Maurice Norrington of El Dorado GC, playing to a 15 handicap, shot rounds of 68-67 — 135 and won the Secretary's flight by two shots over Jefferey Faver of Rolling Hills CC. Norrington's brother Wayne, who won the Secretary's flight last year, finished tied for sixth in the Vice President's flight this year.

"All of a sudden, the round turned into match play, and I came out on top." — Brad Greer, after winning the 1984 SCGA Amateur.

When Brad Greer began the final round of the 85th SCGA Amateur Championship, he knew what lay ahead. Playing in the final threesome, he was paired with two of the three players — Sam Randolph and Patrick Duncan — who were tied for second, two strokes behind him.

And, given the fact that Greer's total through three rounds at the tight San Gabriel Country Club Course was one-over-par, Greer knew that most of his competition was likely to be in his threesome or in the group preceding him.

The effect was, therefore, quite similar to match play, and in one sense, that's ironic, because Greer and Randolph figure to battle each other in many matches next year when they become teammates at the University of Southern California.

Greer freely admits that his golfing career has been somewhat nomadic. The 22-year-old Huntington Beach resident graduated from Marina High School and went first to Golden West College and then to Orange Coast College.

Along the way, he won the San Diego and Costa Mesa City Championships and the 1983 Tournament of Champions on the West Coast Amateur circuit.

This month, he enters USC where he will be a senior majoring in business; he will also play alongside Randolph, Mike Blewett, Rob Geiberger and the rest of the USC team which won the 1984 Pac-10 championship.

"My first goal is to finish school," he says. "Then, in a couple of years, I'll think about turning pro." When he does, it may be awhile before he encounters a match like the final round of the SCGA Amateur Championship.

The turning point in the last round may have been the eighth hole. "I hit a one iron for my drive," explained Greer, "but then I pulled a seven iron to the right. When I saw my lie, I was just trying to get up and down for par, but I had a good feeling because I had birdied the hole the first three rounds."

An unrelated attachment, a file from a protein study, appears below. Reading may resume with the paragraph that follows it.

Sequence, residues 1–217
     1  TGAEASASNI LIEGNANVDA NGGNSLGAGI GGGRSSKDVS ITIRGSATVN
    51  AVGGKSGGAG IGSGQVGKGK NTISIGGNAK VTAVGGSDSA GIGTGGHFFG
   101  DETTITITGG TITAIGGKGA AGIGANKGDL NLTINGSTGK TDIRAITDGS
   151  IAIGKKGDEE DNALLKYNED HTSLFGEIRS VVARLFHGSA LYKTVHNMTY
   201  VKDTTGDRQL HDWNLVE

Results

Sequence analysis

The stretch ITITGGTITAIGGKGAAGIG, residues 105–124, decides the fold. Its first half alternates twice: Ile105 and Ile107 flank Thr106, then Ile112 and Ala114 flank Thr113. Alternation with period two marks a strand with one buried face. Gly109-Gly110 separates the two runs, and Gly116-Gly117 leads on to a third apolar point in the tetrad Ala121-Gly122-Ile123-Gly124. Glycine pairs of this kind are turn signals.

Using a nine iron, Greer chipped towards the flagstick. "When the ball was within four or five feet of the hole, I knew it was going in," said Greer later. He was right, and the birdie helped Greer to finish even par for the front nine.

If the eighth hole was a high point in the round, the back nine had its dark moments. Perhaps the gloomiest came at the 450-yard, par-four, 17th hole. "You absolutely don't want to be right on your drive," explained Greer, "because you'll be out-of-bounds. So, for the first three rounds I hit my drive over the trees into the 10th fairway which left a five iron to the green."

But on Sunday, Greer didn't keep his drive far enough left and the ball stopped in the rough near a tree. "I had about 220 yards to the green," explained Greer. "I hit a four iron, but I caught a flier and it went long and right."

Faced with a delicate chip, Greer's ball checkup up short and he missed the 15-foot par putt to drop a stroke behind Randolph, setting the stage for the dramatic finish.

"I couldn't worry about what Sam was going to do," explained Greer. "I just knew that I had to make birdie and put some pressure on him."

But the pressure was on both golfers and both missed short putts. Greer's birdie attempt would have won the championship outright; Randolph's would have sent the match to a playoff. "I didn't even see Sam miss," said Greer later. "I figured I had blown it when I pulled my birdie putt. I was heading for the first hole and a playoff."

It was one of the few things that Greer missed all week.